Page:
The Huffington Post has an interesting story about the history of Apple's Siri, painting a picture of a now-watered-down AI that originally made its debut as a foul-mouthed standalone app for iOS and Android back in 2010. That's right: Siri used to say the F-word, something you'll never hear the virtual assistant say now that she sleeps under Apple's roof.
Dag Kittlaus, Siri's co-founder and chief executive, said that the AI's attitude had been carefully crafted, and it even had a backstory. Siri was to be "otherworldly" and armed with a dry wit, but vaguely aware of popular culture. It didn't communicate with a voice, but replied to the user with text based on information pulled from 42 different web services like Yelp, StubHub, Rotten Tomatoes, Wolfram Alpha and more.
"It had been able to buy tickets, reserve a table and summon a taxi, all without a user having to open another app, register for a separate service or place a call. It was already on the verge of 'intuiting' a user's pet peeves and preferences to the point that it would have been able to seamlessly match its suggestions to his or her personality," the Huffington Post writes.
Siri was originally designed to be a "do engine" that was capable of holding conversations with its users (which Apple still tries to convey in its Siri commercials). A user who had too many drinks could simply say "I'm drunk take me home," and Siri would have enough smarts to send a car service to the user's present location.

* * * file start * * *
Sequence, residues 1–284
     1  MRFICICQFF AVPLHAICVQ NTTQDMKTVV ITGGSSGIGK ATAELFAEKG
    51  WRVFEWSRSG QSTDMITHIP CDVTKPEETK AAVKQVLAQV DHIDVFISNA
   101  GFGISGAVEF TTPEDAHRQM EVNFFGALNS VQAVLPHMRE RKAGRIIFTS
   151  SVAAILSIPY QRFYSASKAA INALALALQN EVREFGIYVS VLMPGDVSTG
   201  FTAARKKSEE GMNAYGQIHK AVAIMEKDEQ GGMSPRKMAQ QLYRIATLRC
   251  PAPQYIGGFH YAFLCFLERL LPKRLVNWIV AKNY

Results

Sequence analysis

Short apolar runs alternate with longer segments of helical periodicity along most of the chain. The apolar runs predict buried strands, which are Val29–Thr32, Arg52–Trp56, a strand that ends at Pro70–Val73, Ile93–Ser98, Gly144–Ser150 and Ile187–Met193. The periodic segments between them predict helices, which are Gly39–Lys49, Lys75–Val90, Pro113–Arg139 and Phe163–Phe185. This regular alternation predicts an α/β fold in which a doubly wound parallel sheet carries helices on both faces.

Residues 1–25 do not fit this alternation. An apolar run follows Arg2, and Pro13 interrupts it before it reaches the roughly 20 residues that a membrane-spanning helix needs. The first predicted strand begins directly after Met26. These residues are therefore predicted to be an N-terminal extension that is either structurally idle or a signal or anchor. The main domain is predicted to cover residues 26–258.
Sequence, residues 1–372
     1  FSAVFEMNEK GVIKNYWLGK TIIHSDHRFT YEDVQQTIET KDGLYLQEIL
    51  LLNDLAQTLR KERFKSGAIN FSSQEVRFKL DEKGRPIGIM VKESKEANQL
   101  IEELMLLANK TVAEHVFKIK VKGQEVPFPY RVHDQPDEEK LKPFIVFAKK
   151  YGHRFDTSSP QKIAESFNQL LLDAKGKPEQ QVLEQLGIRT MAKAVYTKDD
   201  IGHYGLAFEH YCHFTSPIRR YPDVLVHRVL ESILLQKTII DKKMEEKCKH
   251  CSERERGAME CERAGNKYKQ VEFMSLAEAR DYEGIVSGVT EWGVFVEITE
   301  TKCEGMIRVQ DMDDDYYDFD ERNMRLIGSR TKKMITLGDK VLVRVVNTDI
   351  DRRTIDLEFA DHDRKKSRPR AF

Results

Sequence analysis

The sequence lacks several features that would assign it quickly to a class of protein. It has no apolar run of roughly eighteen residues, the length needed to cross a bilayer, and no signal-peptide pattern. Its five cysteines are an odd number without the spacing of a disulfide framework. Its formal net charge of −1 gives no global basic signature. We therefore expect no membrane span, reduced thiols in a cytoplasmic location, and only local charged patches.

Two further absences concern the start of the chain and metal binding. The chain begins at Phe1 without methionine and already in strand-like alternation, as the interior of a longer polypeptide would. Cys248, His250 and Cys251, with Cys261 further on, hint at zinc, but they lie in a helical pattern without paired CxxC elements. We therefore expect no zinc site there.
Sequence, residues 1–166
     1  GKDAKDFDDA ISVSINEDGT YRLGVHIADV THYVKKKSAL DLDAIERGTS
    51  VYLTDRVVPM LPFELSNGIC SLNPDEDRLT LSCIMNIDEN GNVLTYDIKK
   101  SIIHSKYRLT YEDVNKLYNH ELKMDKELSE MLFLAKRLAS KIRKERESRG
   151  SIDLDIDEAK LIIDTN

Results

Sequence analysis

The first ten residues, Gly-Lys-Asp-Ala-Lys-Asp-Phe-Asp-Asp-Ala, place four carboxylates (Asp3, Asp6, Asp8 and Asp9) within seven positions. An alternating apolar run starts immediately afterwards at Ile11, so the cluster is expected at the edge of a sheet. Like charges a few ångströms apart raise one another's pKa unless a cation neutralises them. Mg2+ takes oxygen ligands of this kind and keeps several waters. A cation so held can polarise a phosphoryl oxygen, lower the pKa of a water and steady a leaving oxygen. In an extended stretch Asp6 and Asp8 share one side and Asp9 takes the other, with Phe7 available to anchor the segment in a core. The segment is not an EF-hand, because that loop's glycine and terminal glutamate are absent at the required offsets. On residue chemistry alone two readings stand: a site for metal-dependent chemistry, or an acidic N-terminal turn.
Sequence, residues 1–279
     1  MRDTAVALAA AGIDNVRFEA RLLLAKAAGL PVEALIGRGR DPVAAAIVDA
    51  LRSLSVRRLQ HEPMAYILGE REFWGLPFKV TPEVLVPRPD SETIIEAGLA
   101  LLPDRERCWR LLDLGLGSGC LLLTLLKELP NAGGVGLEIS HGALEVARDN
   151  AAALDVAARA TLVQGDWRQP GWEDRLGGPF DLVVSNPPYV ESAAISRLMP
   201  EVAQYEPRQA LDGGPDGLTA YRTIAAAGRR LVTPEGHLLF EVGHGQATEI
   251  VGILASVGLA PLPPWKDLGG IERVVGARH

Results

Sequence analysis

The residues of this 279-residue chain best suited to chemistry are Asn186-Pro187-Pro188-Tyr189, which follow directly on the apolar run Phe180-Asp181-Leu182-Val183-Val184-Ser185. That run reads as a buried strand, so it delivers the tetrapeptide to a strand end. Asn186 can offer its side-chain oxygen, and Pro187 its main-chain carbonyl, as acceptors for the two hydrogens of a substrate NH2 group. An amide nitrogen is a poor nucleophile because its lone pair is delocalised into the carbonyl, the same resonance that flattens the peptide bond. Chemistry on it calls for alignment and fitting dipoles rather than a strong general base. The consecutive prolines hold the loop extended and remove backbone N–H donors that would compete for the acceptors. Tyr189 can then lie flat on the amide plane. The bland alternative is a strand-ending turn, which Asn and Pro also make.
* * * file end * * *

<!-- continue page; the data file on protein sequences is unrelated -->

Siri's roots actually stems back to the Defense Department-funded project CALO, or Cognitive Assistant that Learns and Organizes. The project was developed at the non-profit Stanford Research Institute (SRI) international research lab which contracted with the Defense Advanced Research Projects Agency (DARPA). Members of the team saw that the technology could lead to a profitable company, thus the 24-person startup Siri was founded by Kittlaus along with Adam Cheyer (VP Engineering) from SRI, and Tom Gruber (CTO/VP Design).
In 2009, Verizon signed a deal with Siri to make the virtual assistant a default app on all Android phones set to launch in 2010. But Apple quickly swooped in and purchased the company, insisting that Siri be an iPhone exclusive and thus terminated the Verizon deal. Prior to that, Siri had been available on both Android and iOS for a full two months.
Now Siri is a less robust version of its former self, cut off from most of the services that made it highly intelligent. Since Apple's acquisition, Siri has gained a voice and additional languages, but the AI is far from the conversational intelligence Apple depicts in its TV adverts. Apple's overbloated size has reportedly hindered its ability to forge deals with the services once synced with Siri.
Ultimately the potential for Siri to be great once again is there, but whether it reaches that level again is up to Apple and service providers. To read the full extensive history of Siri, head here.